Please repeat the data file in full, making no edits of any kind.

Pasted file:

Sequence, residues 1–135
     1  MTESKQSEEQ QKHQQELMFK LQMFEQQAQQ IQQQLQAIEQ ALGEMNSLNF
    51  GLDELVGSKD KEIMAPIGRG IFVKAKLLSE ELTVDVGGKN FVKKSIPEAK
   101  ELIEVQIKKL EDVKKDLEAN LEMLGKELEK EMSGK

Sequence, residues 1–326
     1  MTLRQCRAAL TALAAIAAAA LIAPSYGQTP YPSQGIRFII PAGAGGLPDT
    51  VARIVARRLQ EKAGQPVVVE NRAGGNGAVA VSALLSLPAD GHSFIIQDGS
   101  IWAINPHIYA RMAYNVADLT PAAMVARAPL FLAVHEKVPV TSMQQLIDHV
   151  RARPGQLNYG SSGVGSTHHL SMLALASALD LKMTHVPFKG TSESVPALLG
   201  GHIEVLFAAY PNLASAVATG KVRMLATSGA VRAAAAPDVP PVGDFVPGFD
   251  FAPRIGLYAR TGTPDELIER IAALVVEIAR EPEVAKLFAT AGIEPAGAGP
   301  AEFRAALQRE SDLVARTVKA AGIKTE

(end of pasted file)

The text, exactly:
Sequence, residues 1–135
     1  MTESKQSEEQ QKHQQELMFK LQMFEQQAQQ IQQQLQAIEQ ALGEMNSLNF
    51  GLDELVGSKD KEIMAPIGRG IFVKAKLLSE ELTVDVGGKN FVKKSIPEAK
   101  ELIEVQIKKL EDVKKDLEAN LEMLGKELEK EMSGK

Sequence, residues 1–326
     1  MTLRQCRAAL TALAAIAAAA LIAPSYGQTP YPSQGIRFII PAGAGGLPDT
    51  VARIVARRLQ EKAGQPVVVE NRAGGNGAVA VSALLSLPAD GHSFIIQDGS
   101  IWAINPHIYA RMAYNVADLT PAAMVARAPL FLAVHEKVPV TSMQQLIDHV
   151  RARPGQLNYG SSGVGSTHHL SMLALASALD LKMTHVPFKG TSESVPALLG
   201  GHIEVLFAAY PNLASAVATG KVRMLATSGA VRAAAAPDVP PVGDFVPGFD
   251  FAPRIGLYAR TGTPDELIER IAALVVEIAR EPEVAKLFAT AGIEPAGAGP
   301  AEFRAALQRE SDLVARTVKA AGIKTE